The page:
Second Super Moon of 2014 is scheduled to sizzle on Friday night
28th Jan 2014: Don't forget to check our Moon this Friday night. The second of the five supermoons of 2014 would be visible on Friday, 30th January 2014. The first supermoon of 2014 appeared on 1st January - making January the single calendar month with two supermoons until January 2018.
The remaining three supermoons of 2014 will be visible on 12th July, 10th August and 9th September. The Moon will be closest and brightest to Earth on 2014 on 10th August, 2014.
The actual size of the Moon will not change but it will look bigger as it will be in closest distance from Earth within this year. Since the moon moves around Earth in an elliptical orbit, its precise distance from Earth varies with time depending on where it is in the orbit.
This time, the moon will enter its full phase about half hour after it passes the point in its orbit nearest to Earth (known as perigee). Due to this closeness from the Earth, this full moon will look about 30 percent brighter and 14 percent wider than it looks at the farthest point in its orbit (known as apogee). So moon will NOT be 10 times or 20 times bigger than its usual size as speculated by many of the websites.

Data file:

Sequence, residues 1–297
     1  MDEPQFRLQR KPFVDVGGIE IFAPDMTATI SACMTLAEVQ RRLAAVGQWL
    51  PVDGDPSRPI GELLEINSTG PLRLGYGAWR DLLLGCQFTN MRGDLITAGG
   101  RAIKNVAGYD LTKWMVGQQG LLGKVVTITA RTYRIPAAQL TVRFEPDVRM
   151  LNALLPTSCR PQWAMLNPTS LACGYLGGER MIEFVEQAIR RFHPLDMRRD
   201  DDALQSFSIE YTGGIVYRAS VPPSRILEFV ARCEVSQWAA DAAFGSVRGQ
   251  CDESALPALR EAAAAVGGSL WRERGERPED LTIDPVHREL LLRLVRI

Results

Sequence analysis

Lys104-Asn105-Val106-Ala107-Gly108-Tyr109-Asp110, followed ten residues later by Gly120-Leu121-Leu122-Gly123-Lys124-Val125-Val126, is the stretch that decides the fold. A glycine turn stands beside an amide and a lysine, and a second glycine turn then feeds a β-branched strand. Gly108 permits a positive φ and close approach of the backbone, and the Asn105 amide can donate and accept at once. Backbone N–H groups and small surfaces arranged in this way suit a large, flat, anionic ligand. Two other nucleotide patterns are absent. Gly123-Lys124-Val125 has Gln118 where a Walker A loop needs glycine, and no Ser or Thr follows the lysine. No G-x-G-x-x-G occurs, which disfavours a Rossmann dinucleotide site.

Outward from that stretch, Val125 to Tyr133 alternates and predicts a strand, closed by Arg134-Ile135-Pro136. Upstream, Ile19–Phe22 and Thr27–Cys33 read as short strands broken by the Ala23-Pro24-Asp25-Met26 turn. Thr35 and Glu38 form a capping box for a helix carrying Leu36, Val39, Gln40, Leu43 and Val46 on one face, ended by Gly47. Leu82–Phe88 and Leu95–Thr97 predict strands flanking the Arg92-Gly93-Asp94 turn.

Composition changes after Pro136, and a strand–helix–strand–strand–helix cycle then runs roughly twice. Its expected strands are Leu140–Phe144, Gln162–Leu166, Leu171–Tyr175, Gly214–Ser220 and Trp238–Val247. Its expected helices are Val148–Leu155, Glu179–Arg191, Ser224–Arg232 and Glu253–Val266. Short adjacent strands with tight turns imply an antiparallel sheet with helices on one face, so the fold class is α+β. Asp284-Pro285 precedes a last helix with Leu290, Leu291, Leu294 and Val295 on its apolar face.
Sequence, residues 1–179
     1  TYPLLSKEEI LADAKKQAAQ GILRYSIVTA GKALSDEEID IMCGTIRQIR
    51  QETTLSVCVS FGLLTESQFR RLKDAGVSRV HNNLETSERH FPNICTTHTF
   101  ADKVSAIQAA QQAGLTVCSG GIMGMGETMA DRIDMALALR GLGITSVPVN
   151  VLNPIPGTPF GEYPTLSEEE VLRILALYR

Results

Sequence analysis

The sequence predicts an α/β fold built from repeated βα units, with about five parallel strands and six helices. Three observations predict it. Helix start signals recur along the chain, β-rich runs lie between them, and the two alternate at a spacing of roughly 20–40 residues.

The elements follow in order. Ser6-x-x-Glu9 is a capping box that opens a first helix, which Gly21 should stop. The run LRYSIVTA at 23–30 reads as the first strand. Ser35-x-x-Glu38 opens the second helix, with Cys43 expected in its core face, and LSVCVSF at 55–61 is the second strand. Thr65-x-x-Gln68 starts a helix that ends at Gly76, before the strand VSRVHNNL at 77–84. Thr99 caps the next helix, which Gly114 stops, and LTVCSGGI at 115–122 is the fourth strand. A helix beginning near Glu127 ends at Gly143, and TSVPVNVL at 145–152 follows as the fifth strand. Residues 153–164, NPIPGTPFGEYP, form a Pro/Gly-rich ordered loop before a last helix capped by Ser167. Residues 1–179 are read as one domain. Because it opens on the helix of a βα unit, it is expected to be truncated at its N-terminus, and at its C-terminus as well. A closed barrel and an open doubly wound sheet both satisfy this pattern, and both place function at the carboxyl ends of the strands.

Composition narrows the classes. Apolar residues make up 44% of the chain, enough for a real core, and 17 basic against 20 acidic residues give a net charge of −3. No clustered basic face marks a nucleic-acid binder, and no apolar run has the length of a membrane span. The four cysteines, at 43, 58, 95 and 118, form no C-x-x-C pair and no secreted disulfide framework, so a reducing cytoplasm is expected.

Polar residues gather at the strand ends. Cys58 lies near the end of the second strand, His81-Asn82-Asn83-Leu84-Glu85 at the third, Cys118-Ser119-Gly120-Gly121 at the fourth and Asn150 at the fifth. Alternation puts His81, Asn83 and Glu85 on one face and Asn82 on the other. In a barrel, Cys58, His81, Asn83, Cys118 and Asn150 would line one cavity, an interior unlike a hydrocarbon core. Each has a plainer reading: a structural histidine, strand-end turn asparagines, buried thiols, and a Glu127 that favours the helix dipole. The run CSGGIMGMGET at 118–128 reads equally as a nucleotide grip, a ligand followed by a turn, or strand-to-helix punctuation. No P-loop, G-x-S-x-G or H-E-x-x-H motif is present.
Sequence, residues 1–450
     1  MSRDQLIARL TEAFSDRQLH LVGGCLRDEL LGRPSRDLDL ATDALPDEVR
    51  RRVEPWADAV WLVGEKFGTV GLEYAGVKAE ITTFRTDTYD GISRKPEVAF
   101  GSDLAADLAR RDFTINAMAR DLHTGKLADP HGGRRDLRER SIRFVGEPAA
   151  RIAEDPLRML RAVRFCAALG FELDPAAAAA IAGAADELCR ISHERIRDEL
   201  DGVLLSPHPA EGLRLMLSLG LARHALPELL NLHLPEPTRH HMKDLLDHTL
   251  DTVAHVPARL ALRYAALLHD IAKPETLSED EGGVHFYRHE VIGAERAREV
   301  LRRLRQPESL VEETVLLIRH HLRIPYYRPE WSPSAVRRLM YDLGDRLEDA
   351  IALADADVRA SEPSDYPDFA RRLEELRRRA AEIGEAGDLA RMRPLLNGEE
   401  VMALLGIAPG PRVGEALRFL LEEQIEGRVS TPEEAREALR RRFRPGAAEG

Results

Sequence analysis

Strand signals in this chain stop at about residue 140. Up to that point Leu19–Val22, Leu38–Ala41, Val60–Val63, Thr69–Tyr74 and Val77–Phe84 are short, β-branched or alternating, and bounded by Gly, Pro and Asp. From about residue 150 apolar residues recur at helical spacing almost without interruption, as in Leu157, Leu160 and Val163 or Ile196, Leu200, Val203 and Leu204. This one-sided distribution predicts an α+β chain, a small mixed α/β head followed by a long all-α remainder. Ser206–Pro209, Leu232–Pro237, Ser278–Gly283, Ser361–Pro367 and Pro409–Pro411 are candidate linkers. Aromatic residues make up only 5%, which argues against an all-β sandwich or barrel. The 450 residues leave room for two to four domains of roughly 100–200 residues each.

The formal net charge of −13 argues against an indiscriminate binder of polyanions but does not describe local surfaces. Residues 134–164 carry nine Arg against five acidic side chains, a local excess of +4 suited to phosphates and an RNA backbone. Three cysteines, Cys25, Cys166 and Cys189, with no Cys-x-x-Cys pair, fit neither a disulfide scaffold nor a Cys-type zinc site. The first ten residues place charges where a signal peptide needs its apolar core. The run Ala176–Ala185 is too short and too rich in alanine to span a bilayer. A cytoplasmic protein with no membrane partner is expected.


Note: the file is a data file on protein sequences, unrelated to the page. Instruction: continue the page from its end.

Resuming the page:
This year, on the date of super moon, Earth will be within 356,989 km of Moon. This is about 2 percent closer than average perigee distance (which is 362,570 km). The average distance of apogee is 405,410 km.The term supermoon came from astrologer Richard Nolle over 30 years ago in 1979. During the phenomenon, the Earth, moon and sun are all in a line, with the moon in its nearest approach to earth. Prior to 1979, supermoons were called perigee full moon or perigee new moon.
As with any full moon, 30 January super moon will look larger when it will be close to the horizon.
There are no risk to mankind due to super moon. Only tides will be stronger than usual.
The biggest super moon of 21st century will be visible on 6th December 2052.